Is torrenting legal in Japan?
Japan has some of the harshest anti-torrenting laws in the world, with penalties on violators an extremely stiff 10 million yen in fines and a two-year prison sentence.
27 people were arrested in 2013, after being caught uploading manga, video games, anime, and music videos without the explicit permission of copyright holders.
If your explicit aim while browsing the web in Japan is to download torrents, we suggest you read through our guide of the best VPNs for P2P filesharing.
What’s the future of Japanese internet?
Japan’s internet is ranked by Freedom House as “free” with the advocacy body noting that currently there’s no restrictions on social media apps, access to content, or clampdowns on popular bloggers. This is strengthened by Japan’s constitution which protects all forms of speech and prohibits censorship.
But national security concerns may cause a rethink at the federal level. In 2013, lawmakers in Japan passed the “Act on the Protection of Specially Designated Secrets”. The statutes ensconced in the act criminalize leaking and publishing national secrets regardless of intent or content. Freedom House notes that this has potential ramifications for journalists, whistleblowers, and civil society watchdogs.
The United Nations Human Rights Committee agrees that the legislation is vague and broad when it comes to defining the exact limitations of secretive matters. Individuals caught violating these parameters will be subject to high criminal penalties and lead to self-censorship by journalists and human rights defenders.
Related: A beginner’s guide to online censorship.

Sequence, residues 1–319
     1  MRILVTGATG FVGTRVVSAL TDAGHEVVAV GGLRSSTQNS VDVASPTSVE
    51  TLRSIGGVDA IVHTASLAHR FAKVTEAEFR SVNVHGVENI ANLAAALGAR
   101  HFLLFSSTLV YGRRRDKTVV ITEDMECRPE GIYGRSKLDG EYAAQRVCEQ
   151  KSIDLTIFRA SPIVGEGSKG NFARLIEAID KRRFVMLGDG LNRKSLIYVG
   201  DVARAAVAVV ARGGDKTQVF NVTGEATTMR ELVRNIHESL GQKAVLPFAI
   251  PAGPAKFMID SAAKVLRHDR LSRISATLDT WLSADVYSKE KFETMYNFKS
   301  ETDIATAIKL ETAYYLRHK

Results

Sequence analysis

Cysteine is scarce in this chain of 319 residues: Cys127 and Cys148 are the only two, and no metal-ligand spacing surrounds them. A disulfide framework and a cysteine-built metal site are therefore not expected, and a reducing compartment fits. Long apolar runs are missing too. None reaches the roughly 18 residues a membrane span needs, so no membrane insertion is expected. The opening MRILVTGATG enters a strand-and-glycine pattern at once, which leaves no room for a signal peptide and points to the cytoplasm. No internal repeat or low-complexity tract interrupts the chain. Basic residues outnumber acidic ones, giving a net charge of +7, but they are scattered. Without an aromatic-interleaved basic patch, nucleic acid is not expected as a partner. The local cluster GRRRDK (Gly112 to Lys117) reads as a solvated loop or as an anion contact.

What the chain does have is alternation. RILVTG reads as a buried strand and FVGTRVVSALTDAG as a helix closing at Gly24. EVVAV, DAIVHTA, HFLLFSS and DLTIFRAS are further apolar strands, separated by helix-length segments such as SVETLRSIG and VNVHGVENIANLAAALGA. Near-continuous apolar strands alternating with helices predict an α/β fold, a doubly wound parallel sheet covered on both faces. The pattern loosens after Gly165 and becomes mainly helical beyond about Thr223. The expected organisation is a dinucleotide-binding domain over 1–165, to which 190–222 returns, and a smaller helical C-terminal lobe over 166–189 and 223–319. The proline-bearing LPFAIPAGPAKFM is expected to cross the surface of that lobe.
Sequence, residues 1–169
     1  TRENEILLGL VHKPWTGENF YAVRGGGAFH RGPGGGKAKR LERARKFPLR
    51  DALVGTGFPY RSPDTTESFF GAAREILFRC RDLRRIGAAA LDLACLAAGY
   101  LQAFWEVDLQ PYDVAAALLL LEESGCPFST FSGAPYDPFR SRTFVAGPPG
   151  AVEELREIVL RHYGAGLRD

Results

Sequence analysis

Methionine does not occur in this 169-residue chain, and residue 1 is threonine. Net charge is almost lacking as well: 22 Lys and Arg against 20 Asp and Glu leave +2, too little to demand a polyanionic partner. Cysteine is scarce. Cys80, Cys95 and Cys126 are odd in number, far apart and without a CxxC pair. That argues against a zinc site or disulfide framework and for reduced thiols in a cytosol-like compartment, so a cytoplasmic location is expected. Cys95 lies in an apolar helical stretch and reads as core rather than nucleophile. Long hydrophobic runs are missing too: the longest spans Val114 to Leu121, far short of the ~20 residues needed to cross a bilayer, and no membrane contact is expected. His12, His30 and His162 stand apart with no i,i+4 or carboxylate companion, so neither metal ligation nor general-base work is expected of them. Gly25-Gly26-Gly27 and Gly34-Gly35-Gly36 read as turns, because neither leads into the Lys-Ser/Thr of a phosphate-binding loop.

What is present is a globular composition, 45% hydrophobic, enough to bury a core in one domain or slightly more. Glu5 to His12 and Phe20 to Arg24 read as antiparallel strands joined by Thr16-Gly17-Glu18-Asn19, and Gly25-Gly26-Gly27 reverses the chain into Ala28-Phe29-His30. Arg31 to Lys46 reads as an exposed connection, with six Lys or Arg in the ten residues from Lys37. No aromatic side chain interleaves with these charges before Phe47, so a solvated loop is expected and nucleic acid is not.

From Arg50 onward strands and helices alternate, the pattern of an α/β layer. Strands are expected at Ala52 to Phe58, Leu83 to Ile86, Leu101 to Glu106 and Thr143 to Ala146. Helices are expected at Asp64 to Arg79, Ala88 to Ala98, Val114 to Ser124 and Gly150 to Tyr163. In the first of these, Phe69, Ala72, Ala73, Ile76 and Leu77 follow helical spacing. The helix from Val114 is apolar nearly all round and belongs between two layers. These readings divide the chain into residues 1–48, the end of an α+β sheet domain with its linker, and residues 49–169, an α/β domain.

The laws came about after a recommendation by Japan’s communication ministry to start regulating cyberspace. The guidelines sought to rein in influential news sites, subjecting them to the same kind of regulations that bind physical newspapers and broadcast television channels. The report, titled “Final Report on a Comprehensive Legal System for Communications and Broadcasting” stated that “there is a need for an active effort from the government…as it is difficult for ISPs to individually make judgements regarding concrete harmfulness”.
Augmenting the atmosphere of fear is Prime Minister Abe’s crackdown on media freedoms in the East Asian country. In 2016, Foreign Policy reported on the Japanese government’s forceful takedown of popular voices.
Three outspoken television anchors were mysteriously removed from their jobs, with the general perception that the dismissals were orchestrated by the government, although there is no independent method of verifying this claim. The country’s largest liberal newspaper, Asahi Shimbun, was also forced to be subdued.
Such developments compelled the UN to carry out a fact-finding mission in the country during which it met with journalists, educators, and government officials. At the end of the mission, the global body declared that the “independence of press in Japan is facing serious threats”.
“Across a range of areas, I learned of deep and genuine concern that trends are moving sharply and alarmingly in the wrong direction. This is especially acute in the context of media independence,” added David Kaye, UN’s special rapporteur.
The day after the report, Japan’s ranking in press freedom by Paris-based Reporters Without Borders slid 11 places to 72 out of 180 countries surveyed.
Foreign Policy added that Japan’s spy agency, the Cabinet Intelligence and Research Office, spied on this particular UN mission by tracking the movements of a local lawyer that provided assistance to the fact-finding team. These are troubling developments for a country that has prided itself as the largest democracy in the region and may provide a snapshot for what lies ahead.
Having said that, it’s important to state that there haven’t yet been any official arrests of media personnel under this new legislation. There is, however, a maximum penalty of a ten-year imprisonment for those found guilty of revealing state secrets.